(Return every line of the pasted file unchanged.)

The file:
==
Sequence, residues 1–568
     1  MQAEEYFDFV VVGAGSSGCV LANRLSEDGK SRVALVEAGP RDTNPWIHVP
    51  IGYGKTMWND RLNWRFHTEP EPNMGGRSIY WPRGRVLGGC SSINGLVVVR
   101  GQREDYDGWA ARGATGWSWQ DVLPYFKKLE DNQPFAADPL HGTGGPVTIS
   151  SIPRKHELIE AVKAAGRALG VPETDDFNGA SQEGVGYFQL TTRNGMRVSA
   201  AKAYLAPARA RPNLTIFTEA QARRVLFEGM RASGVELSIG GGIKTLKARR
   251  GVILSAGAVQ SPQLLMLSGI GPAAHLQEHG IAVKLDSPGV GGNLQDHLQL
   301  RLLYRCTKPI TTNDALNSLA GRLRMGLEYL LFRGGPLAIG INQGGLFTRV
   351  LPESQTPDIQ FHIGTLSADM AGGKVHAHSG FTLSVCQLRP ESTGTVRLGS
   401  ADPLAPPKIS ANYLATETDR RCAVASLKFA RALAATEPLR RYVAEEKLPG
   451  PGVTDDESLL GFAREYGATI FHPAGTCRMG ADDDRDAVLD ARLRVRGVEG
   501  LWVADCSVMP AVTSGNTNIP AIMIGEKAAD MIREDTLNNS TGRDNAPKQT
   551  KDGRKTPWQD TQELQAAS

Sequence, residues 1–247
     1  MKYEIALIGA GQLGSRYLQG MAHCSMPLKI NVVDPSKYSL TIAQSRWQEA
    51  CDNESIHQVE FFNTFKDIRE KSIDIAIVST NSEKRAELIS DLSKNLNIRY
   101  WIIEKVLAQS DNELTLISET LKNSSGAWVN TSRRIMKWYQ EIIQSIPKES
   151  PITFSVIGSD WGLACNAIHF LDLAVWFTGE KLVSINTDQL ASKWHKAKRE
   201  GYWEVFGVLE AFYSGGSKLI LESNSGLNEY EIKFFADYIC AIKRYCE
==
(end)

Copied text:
Sequence, residues 1–568
     1  MQAEEYFDFV VVGAGSSGCV LANRLSEDGK SRVALVEAGP RDTNPWIHVP
    51  IGYGKTMWND RLNWRFHTEP EPNMGGRSIY WPRGRVLGGC SSINGLVVVR
   101  GQREDYDGWA ARGATGWSWQ DVLPYFKKLE DNQPFAADPL HGTGGPVTIS
   151  SIPRKHELIE AVKAAGRALG VPETDDFNGA SQEGVGYFQL TTRNGMRVSA
   201  AKAYLAPARA RPNLTIFTEA QARRVLFEGM RASGVELSIG GGIKTLKARR
   251  GVILSAGAVQ SPQLLMLSGI GPAAHLQEHG IAVKLDSPGV GGNLQDHLQL
   301  RLLYRCTKPI TTNDALNSLA GRLRMGLEYL LFRGGPLAIG INQGGLFTRV
   351  LPESQTPDIQ FHIGTLSADM AGGKVHAHSG FTLSVCQLRP ESTGTVRLGS
   401  ADPLAPPKIS ANYLATETDR RCAVASLKFA RALAATEPLR RYVAEEKLPG
   451  PGVTDDESLL GFAREYGATI FHPAGTCRMG ADDDRDAVLD ARLRVRGVEG
   501  LWVADCSVMP AVTSGNTNIP AIMIGEKAAD MIREDTLNNS TGRDNAPKQT
   551  KDGRKTPWQD TQELQAAS

Sequence, residues 1–247
     1  MKYEIALIGA GQLGSRYLQG MAHCSMPLKI NVVDPSKYSL TIAQSRWQEA
    51  CDNESIHQVE FFNTFKDIRE KSIDIAIVST NSEKRAELIS DLSKNLNIRY
   101  WIIEKVLAQS DNELTLISET LKNSSGAWVN TSRRIMKWYQ EIIQSIPKES
   151  PITFSVIGSD WGLACNAIHF LDLAVWFTGE KLVSINTDQL ASKWHKAKRE
   201  GYWEVFGVLE AFYSGGSKLI LESNSGLNEY EIKFFADYIC AIKRYCE